Ooh! I really enjoyed Firespell! I’ve heard mixed things about it, and while I totally get where other people are coming from, I thought the book really worked – especially as the first book in a series.I really haven’t read anything like Firespell before. The plot was pretty unique from anything I’ve read. I love the idea of teens running around catacombs under a boarding school, fighting monsters. There was a lot of backstory and explanation in this book at the start of this book, but it all led up to some pretty awesome action sequences. I enjoyed the backstory a lot, and the climax of the book, and I feel like it was all awesome buildup for the second book in the series.Lily was an interesting protagonist, and I really enjoyed the mystery behind her arrival at St. Sophia’s boarding school. But honestly – Scout rocked. I can’t wait to learn more about her character in the next book because she was such an awesome character with a lot of personality. Not to say Lily didn’t, but I was more interested in Scout overall. I enjoyed the romance subplots for both Lily and Scout and I can’t wait to see more of those relationships in Hexbound. I’d like to see how they develop.I really enjoyed Chloe Neill’s young adult debut. I thought it was well written and, as I said earlier, had a unique plot which is rare with paranormal books coming out left and right in the young adult market these days. If you’re interested in a quick, but intriguing read, definitely pick up Firespell. I can’t wait for Hexbound, which comes out in January 2011!more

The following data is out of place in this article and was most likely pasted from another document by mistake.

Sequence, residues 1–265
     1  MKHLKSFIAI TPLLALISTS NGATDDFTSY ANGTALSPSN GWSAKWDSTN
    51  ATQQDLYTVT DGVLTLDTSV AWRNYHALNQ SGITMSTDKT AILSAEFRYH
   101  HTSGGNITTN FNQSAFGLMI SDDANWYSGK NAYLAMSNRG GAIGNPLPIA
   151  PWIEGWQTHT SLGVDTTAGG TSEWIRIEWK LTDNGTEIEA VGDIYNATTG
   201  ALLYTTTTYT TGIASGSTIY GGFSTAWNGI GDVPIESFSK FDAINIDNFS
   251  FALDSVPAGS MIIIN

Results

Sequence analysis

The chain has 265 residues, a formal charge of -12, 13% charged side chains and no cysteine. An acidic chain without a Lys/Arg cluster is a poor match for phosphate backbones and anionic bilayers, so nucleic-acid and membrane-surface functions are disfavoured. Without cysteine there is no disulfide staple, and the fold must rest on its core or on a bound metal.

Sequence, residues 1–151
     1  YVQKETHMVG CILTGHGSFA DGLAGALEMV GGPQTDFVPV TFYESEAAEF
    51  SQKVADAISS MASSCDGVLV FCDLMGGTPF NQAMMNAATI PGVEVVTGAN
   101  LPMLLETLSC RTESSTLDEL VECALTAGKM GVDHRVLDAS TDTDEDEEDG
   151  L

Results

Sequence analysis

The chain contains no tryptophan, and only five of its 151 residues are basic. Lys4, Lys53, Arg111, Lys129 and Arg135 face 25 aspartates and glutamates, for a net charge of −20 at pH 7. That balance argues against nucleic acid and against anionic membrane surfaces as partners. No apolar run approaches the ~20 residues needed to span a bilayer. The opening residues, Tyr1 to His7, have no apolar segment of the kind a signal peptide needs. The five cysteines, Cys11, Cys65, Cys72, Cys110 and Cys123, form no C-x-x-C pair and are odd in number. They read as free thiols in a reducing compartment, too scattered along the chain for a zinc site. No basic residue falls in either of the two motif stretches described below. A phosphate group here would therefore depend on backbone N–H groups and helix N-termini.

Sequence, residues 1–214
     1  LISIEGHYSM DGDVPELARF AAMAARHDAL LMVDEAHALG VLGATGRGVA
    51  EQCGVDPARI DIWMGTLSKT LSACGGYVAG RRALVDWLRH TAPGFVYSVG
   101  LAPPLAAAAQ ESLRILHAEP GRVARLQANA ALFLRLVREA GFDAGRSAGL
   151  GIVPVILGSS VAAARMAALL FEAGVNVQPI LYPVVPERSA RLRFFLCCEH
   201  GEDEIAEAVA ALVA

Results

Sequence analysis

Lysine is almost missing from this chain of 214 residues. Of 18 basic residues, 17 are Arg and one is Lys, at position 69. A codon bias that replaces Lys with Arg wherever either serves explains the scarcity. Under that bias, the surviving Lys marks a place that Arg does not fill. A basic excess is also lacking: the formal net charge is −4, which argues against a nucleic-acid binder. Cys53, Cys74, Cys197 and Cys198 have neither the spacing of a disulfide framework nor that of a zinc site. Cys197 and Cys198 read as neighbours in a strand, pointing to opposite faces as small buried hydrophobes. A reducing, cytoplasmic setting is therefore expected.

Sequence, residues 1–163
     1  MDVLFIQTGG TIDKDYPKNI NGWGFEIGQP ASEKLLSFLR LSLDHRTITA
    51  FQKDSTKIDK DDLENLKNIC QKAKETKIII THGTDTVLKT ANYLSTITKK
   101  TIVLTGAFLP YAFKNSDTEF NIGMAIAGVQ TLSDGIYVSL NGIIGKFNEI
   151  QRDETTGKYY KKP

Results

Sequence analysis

Lily Jones has been sent to the elite St Sophia's Boarding School where she finds she has questions as well as the regular issues with dealing with a new school and petty classroom games. Her friend and roommate Scout is apparently up to something and when Lily investigates she finds herself caught up in something she didn't expect. It's an interesting story but I was left wondering about a lot of the foundations for the story. Are there stories within stories and is everyone telling the truth? Somehow it didn't quite gel for me, I do want to read the next book in the series to see what happens next.more
I loved this book! Magic, and love, and the discovery of new power makes it so much more exciting. I can't believe her parents left her to fend for herself in the dark when they went to Germany. Good book overall.more